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June 8th, 2016, 02:39 PM   #1
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Question Interpreting the Fourier transform of cosine

I wasn’t quite sure where to post this thread, so I apologize if it’s in the wrong place. Anyway, I thought that I would spend some of my free time this summer learning about the Fourier transform. So far, things have been going very well, but I do have a question about the Fourier transform of cos(2piat). I can compute the transform fine, but I’m unsure about how to interpret it. Taking the transform I get 1/2(delta(s + a) + delta(s - a)). Now it makes sense that the spectrum would only contain +/- a because that’s the only contributing frequency, but how do I interpret the delta? The way I’ve viewed the graphs of Fourier transforms before was seeing the magnitude for each frequency as corresponding to the amplitude of a sinusoid of that frequency, and adding all the contributing frequencies together (with their amplitudes and phase shifts) would recover the signal. Is this correct, and if so what about the amplitude in this case? It seems like the amplitude should be finite (1/2 each contributed from positive and negative a), but doesn’t delta(0) = infinity? Or am I misunderstanding the notation? The graphs all seem to contain vertical arrows at a and -a which seem to denote that the height is infinite, but that doesn’t really seem to make sense based on the interpretation that I just explained.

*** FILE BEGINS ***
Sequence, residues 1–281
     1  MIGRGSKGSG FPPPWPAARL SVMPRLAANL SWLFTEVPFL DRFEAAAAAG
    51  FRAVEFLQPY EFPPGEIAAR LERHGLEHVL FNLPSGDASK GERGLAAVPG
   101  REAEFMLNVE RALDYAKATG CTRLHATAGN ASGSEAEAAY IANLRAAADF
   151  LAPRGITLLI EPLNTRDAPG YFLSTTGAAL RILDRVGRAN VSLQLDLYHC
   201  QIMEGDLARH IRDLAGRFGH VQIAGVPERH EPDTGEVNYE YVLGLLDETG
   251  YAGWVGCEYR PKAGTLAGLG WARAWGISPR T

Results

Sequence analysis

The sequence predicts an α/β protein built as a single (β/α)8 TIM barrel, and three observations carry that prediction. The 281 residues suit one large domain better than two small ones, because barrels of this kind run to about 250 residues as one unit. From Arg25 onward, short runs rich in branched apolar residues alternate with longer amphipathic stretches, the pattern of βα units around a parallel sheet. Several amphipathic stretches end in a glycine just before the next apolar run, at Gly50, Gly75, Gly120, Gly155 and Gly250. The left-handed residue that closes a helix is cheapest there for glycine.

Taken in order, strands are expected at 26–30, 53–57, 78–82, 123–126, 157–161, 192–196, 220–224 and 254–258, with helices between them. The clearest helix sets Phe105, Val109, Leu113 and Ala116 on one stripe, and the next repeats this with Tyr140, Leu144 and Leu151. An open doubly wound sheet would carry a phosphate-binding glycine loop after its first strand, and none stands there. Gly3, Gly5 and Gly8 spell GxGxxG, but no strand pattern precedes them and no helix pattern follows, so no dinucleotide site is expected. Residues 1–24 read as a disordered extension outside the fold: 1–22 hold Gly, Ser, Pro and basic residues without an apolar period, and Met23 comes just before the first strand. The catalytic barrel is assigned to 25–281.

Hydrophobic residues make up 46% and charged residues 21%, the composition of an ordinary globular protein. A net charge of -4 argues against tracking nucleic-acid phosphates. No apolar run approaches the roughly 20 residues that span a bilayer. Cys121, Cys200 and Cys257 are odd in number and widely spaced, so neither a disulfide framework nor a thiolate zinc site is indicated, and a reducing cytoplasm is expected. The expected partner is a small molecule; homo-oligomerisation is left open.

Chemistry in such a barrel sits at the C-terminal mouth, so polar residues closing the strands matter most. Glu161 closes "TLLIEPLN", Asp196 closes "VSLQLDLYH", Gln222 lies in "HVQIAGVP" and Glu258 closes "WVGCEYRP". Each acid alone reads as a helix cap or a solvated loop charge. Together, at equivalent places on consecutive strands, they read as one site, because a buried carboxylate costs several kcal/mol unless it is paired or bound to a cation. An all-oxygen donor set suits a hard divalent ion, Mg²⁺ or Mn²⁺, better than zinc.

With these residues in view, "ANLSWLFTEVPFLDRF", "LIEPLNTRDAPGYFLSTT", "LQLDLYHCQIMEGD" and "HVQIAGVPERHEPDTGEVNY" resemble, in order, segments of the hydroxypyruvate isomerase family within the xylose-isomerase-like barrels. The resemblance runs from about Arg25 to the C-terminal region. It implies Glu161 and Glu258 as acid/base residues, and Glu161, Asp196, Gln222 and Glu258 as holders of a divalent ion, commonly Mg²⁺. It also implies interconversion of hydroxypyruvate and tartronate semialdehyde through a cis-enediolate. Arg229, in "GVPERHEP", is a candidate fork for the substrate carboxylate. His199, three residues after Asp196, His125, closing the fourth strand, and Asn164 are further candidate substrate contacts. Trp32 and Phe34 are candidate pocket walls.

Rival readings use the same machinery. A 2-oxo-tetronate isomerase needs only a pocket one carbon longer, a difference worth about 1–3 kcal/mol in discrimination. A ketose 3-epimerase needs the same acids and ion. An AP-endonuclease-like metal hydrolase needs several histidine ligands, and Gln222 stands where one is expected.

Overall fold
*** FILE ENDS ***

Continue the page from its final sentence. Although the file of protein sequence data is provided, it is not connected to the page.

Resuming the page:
If anybody could offer some clarity, it would be greatly appreciated. I feel like the issue most likely lies in the notation.

Last edited by skipjack; June 9th, 2016 at 12:20 AM.
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June 8th, 2016, 11:23 PM   #2
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I think I have my answer, although I’m not sure about all the details. I started by questioning my assumption about how the magnitude for a given frequency directly corresponds to the amplitude of the sinusoid of that frequency contributing to the signal, and to do this I thought that I’d start with comparing the magnitude of the Fourier coefficient against the amplitude of the corresponding sinusoid for the Fourier series of a given function (I chose a square wave.). I’d then extrapolate this to the Fourier transform, which is just a limiting case of the series. Well the Fourier coefficient checked out like it was supposed to, but it didn’t work for the Fourier transform. I then realized that the Fourier coefficient was scaled by 1/T and that there’s no such scaling factor for the Fourier transform. Anyway, it looks like the Fourier transforms of functions don’t directly correspond to amplitudes. They have to be scaled first. This also explains my confusion regarding the delta function.

Still, if anybody has more information on scaling the results of a Fourier transform, that would be appreciated.

Last edited by Mihaila; June 8th, 2016 at 11:25 PM. Reason: typo
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